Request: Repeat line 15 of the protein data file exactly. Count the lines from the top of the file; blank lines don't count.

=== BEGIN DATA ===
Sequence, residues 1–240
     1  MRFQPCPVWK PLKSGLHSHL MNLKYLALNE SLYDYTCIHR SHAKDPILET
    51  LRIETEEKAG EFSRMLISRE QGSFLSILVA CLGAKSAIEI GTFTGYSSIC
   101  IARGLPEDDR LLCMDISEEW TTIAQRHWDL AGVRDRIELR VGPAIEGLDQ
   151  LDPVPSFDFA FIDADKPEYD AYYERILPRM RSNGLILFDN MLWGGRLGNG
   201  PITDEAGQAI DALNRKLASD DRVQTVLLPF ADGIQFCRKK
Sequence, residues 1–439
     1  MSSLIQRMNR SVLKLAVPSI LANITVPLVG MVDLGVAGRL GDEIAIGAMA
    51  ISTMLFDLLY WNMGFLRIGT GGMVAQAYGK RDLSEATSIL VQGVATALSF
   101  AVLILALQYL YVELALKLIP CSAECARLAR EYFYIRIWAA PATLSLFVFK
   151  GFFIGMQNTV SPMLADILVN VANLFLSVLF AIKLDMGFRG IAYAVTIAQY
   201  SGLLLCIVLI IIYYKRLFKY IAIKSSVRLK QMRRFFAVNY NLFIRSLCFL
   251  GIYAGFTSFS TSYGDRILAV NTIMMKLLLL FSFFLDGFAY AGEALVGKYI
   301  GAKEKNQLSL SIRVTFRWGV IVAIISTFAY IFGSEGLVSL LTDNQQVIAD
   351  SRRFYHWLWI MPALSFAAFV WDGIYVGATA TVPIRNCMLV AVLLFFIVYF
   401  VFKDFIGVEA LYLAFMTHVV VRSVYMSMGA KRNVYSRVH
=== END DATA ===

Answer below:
   351  SRRFYHWLWI MPALSFAAFV WDGIYVGATA TVPIRNCMLV AVLLFFIVYF